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Is Funding Available for Fertility Treatment?

By: Rachel Newcombe - Updated: 19 May 2013 | comments*Discuss
Fertility Fertile Infertile Infertility

Cost is one of the key questions at the forefront of people’s minds as they debate fertility treatment. But when it comes to funding it’s sadly not a simple and clear cut situation.

Renowned for the Expense

Fertility treatment is renowned for being expensive. Each single cycle of IVF costs between £4,000 and £8,000 and there’s no guarantee it will even be successful. The situation with funding, though, is harshly clear cut – either you’re eligible for funded treatment on the NHS or you have to go privately and pay your own way.

The situation isn’t made much better by the fact that the provision of funded NHS treatment in the UK varies considerably. There’s no set standard in action that covers the whole of the UK (as perhaps, some argue, there should be), but rather the funding situation varies from area to area, depending in part on demand for treatment.

In general, the NHS offers women between the ages of 23 and 39 years old one cycle of IVF, if they’ve been medically defined as having infertility problems and meet other necessary criteria. The medical definition of infertility is the inability to conceive after multiple sustained attempts of unprotected sex for at least 12 months. However, each region has there own specific criteria for accepting cases and your GP can provide you with more details of what this is. As a rough guide, for example, there may be restrictions in existence based on whether you already have children, whether fertility drugs might be more suitable for you or any other medical issues that may affect you.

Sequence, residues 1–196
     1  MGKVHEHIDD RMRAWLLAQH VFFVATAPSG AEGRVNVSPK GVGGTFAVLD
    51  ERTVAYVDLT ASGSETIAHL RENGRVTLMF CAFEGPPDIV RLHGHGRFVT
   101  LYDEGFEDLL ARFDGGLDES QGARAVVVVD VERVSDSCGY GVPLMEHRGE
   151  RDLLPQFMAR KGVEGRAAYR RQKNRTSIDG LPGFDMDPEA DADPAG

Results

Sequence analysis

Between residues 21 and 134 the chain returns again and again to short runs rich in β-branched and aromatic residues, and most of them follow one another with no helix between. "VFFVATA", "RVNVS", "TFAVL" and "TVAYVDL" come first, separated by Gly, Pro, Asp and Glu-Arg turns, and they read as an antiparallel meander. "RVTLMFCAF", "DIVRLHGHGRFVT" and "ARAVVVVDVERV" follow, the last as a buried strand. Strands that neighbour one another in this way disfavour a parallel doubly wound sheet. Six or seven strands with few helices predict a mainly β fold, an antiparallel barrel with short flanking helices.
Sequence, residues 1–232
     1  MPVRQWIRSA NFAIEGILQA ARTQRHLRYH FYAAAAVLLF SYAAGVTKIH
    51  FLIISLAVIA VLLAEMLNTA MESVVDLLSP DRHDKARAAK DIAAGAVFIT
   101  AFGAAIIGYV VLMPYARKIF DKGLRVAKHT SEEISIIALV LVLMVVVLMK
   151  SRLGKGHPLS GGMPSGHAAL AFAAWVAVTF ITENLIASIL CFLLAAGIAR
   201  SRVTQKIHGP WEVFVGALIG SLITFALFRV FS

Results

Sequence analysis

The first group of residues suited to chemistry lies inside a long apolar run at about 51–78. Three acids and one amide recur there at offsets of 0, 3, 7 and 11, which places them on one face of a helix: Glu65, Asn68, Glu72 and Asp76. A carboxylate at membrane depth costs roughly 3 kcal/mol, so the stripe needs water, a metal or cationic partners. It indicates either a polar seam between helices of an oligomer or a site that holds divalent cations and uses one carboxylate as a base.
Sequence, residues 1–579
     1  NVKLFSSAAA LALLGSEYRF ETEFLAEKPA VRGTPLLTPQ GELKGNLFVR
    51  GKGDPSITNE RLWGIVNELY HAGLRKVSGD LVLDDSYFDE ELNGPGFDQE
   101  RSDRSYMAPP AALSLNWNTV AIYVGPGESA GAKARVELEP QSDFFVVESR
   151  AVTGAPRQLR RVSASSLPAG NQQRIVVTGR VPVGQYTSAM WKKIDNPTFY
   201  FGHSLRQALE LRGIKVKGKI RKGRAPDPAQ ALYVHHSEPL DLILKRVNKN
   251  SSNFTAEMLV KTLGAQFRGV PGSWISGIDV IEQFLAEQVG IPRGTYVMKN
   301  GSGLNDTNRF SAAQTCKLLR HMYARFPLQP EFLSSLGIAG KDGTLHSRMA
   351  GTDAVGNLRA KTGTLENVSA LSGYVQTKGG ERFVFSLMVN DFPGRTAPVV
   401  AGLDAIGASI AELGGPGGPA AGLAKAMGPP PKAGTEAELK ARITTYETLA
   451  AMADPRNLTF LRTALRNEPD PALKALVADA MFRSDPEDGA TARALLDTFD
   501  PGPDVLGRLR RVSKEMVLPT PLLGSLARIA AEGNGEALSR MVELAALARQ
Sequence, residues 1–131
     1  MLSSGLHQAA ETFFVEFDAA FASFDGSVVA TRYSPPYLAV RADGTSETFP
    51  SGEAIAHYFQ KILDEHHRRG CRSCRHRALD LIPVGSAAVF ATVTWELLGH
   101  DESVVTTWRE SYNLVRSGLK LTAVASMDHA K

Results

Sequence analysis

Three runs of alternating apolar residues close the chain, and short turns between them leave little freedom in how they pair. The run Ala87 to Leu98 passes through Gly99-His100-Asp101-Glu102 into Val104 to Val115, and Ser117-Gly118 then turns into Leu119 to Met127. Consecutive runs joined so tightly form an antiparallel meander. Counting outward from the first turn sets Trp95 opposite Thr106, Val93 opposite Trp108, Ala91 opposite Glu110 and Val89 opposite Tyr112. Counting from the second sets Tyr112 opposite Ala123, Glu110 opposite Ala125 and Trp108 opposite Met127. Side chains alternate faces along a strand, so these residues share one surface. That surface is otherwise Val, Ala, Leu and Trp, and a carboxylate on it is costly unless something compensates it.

Even when you do get through the strict restrictions, it’s still not always plain sailing. The waiting lists for NHS funded treatment vary considerably and in some areas they can be very long. If you’ve already spent some time unsuccessfully trying for a baby before being diagnosed as having fertility problems, it can then be frustrating having to wait even longer to get the opportunity to try treatment options.

Going Private

If you aren’t accepted by the NHS, then the only alternative option available to you is to go privately. With the huge cost of treatment, this is a daunting prospective for many people. Private clinics set their own prices for treatment, so you will notice variations from clinic to clinic and it’s worth shopping around for the best price for you. It’s also worth bearing in mind that the type of treatment affects the cost too. For example, a single attempt at IUI is much cheaper than one cycle of IVF.

Another way of reducing the cost, which is helpful if funds are tight, is to consider donating eggs to other infertile women whilst you’re undergoing a cycle of IVF. Not all clinics offer an egg donor sharing program, but where they do, it can help ease the financial burden.

Little help is available to those who need to fund their treatment themselves, although it’s of course always worth exploring if any grants or other funding sources are available in your local area. Otherwise it’s very much a case of saving up, getting a loan or borrowing finances from friends or family.

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